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When you ask most people their favorite Pontiac models, you’ll often hear names like G8, Grand Prix, and GTO. But one of the last Pontiac sport sedans is a forgotten hero. That status makes it a cheap V8 car today, and the 2004-2005 Pontiac Bonneville GXP is perhaps the prettiest swansong model of our time.

Is the Bonneville GXP supercharged?

A white Pontiac Bonneville GXP V8
2005 Pontiac Bonneville GXP | Bring-a-Trailer

The Pontiac Bonneville GXP lasted just two years and was among the final Pontiac models before the brand ended U.S. sales in 2010. The base Bonneville was the halo in Pontiac’s lineup at the time, sitting above the more popular Grand Prix in size and comfort. However, the GXP debuted in 2004 with a 4.6-liter Northstar V8 engine offering 275 horsepower and 300 pound-feet of torque, and it did not come supercharged.

That wild, torque-heavy V8 turned the front tires from rubber to smoke on its way to a 6.9-second sprint to 60 mph. And despite a fairly miserable four-speed automatic transmission, the Bonneville GXP V8 completed the quarter-mile in 15.4 seconds at 91 mph, per FastestLaps data.

A cheap V8 car option in 2023

The cheap V8 engine in the Pontiac Bonneville GXP
2005 Pontiac Bonneville 4.6-liter V8 | Bring-a-Trailer

These days, there aren’t many Bonneville GXPs left in decent condition. Despite the relative rarity though, they’re pretty cheap V8 cars to take home. A 33k-mile version of this cheap V8 sold on Bring-a-Trailer for just over $12,000 earlier this year.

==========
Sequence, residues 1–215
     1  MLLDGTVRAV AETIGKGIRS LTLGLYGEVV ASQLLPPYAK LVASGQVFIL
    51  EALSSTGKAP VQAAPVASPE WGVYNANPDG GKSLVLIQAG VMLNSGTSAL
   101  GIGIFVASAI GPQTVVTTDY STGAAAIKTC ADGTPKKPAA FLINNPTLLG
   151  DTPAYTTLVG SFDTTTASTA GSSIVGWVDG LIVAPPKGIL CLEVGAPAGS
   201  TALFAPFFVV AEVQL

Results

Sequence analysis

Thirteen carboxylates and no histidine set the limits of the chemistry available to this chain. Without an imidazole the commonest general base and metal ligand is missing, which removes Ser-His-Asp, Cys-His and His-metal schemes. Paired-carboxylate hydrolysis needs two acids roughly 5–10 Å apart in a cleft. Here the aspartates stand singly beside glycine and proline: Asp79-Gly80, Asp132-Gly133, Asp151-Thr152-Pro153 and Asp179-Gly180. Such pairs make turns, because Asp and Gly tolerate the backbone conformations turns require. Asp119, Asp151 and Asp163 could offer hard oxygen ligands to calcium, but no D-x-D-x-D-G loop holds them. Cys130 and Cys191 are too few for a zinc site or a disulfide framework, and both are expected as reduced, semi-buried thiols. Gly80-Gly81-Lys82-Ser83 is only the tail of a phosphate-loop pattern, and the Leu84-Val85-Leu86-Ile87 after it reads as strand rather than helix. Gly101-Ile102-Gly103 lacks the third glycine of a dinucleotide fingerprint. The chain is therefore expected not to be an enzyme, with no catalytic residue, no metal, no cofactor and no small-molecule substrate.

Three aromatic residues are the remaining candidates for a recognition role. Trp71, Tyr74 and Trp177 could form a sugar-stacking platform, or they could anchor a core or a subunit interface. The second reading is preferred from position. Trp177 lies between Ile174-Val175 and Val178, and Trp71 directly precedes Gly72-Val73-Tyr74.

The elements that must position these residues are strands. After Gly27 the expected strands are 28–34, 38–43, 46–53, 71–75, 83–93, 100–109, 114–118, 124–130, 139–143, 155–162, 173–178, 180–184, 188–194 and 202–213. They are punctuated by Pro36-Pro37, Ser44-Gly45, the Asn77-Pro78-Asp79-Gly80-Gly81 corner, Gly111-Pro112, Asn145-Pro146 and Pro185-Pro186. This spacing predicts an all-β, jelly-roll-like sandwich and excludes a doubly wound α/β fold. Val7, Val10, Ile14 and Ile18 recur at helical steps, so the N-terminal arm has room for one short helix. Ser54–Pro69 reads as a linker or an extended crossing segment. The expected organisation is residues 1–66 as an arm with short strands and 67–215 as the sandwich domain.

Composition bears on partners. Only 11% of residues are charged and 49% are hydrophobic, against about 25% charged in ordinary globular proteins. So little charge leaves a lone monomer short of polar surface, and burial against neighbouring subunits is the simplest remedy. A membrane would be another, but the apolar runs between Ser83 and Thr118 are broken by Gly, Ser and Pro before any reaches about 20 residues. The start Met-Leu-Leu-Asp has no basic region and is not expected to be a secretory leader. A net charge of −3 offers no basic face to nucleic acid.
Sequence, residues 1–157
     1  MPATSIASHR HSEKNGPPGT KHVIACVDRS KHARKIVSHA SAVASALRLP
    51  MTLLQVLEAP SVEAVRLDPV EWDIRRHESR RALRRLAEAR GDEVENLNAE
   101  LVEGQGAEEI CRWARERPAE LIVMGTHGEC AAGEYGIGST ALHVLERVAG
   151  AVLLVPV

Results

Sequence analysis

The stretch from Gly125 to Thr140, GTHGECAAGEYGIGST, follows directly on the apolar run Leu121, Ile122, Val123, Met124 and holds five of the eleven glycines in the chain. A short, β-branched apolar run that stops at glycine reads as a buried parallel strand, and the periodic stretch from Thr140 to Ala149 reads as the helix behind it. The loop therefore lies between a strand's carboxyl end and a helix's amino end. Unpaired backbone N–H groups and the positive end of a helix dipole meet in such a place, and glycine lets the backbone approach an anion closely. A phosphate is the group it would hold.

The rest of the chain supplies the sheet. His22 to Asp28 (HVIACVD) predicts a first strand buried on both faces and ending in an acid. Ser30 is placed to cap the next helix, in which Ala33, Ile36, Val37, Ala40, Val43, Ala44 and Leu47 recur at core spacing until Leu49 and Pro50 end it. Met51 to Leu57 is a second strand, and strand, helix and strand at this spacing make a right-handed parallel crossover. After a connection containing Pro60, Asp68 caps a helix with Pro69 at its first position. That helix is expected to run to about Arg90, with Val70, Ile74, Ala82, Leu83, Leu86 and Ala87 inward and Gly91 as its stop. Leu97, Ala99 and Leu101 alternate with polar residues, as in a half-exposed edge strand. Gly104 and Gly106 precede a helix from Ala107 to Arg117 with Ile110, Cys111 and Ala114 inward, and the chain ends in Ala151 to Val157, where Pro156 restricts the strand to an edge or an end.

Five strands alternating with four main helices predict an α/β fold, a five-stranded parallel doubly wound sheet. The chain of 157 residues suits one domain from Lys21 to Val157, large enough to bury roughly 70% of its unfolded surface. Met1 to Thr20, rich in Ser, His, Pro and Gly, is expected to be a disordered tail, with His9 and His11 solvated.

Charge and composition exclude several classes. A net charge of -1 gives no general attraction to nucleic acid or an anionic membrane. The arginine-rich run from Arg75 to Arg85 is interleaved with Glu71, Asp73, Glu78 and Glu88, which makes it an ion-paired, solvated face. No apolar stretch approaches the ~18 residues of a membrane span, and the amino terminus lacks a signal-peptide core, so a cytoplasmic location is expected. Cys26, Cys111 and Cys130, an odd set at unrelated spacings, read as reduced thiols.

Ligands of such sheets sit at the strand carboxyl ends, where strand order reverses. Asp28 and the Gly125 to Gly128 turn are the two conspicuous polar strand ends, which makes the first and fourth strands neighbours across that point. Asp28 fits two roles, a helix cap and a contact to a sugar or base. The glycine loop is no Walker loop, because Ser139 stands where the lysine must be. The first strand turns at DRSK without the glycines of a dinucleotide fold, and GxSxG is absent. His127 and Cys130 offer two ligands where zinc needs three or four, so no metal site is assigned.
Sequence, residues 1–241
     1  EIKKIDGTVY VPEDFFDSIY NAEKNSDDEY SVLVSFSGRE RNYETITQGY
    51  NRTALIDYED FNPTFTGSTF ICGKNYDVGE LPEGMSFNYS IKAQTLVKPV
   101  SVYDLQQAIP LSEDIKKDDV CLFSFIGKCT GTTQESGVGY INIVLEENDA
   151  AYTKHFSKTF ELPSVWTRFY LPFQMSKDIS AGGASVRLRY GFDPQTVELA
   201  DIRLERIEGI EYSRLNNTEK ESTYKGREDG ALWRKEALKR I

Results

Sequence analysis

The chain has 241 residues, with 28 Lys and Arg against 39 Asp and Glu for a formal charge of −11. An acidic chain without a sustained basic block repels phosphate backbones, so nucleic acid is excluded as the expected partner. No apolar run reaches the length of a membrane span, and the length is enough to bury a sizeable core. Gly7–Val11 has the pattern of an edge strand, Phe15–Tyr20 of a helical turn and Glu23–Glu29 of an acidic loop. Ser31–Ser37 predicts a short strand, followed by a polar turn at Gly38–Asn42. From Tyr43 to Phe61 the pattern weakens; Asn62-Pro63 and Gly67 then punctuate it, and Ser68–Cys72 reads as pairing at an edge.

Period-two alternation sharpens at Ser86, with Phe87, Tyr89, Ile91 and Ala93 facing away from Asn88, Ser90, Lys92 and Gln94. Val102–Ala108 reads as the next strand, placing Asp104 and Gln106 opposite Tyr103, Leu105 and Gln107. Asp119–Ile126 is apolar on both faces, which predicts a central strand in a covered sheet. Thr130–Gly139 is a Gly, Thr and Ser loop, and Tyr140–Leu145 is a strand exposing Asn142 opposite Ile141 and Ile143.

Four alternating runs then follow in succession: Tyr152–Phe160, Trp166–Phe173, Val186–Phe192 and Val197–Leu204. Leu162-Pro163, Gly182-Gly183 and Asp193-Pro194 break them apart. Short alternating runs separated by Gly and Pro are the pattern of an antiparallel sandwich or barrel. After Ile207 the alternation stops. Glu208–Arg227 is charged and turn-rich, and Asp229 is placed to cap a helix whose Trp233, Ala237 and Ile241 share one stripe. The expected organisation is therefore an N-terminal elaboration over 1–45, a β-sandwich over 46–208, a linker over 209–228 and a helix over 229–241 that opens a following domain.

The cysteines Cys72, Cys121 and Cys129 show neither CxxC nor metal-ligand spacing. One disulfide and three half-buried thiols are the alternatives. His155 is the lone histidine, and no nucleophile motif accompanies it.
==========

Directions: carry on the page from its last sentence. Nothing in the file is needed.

A quick perusal of CarFax listings shows a maximum price of $24,795 for a clean version with under 11,000 miles on the clock. Much above that, the price drops significantly, as a 43,000-mile model reported in great condition is up for $15,000. Of the four models currently on sale, the cheapest V8 Pontiac is available for a mere $4,900.

What killed the Pontiac Bonneville?

In addition to Pontiac’s overall struggles, the Bonneville specifically faced stiff competition both from within General Motors and outside competitors. The V8-powered Chrysler 300 came along in 2005, offering rear-wheel drive. That made it more akin to the muscle-car experience American buyers expect from their V8s. It doesn’t help that the 300 was both cheaper and faster than the Bonneville, at $33,000 for a 340-horsepower V8 version.

Furthermore, Pontiac ran over its own foot with the new Pontiac GTO in 2004. Like the Chrysler, it came with rear-wheel drive, a more powerful V8 engine, and a manual transmission. So if you wanted a fast V8, you could get a GTO or Chrysler 300 for less than a Bonneville. And if you wanted a comfy four-door sedan, the Pontiac Grand Prix GXP came with 303 horsepower, 323 pound-feet of torque, and cost just $30,000, compared to the $36,000 commanded by the Bonneville.

The Bonneville GXP makes a cheap V8 car bargain

Pontiac Bonneville GXP
2005 Pontiac Bonneville GXP | Bring-a-Trailer
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Though there aren’t many out there, the Pontiac Bonneville GXP is among the few cheap V8 car bargains you can find today. A follow-up to the Oldsmobile Aurora, this full-size V8 sedan is quintessential GM. Enjoy some cushy comfort in one of the most stylish Pontiac models of the mid-00s.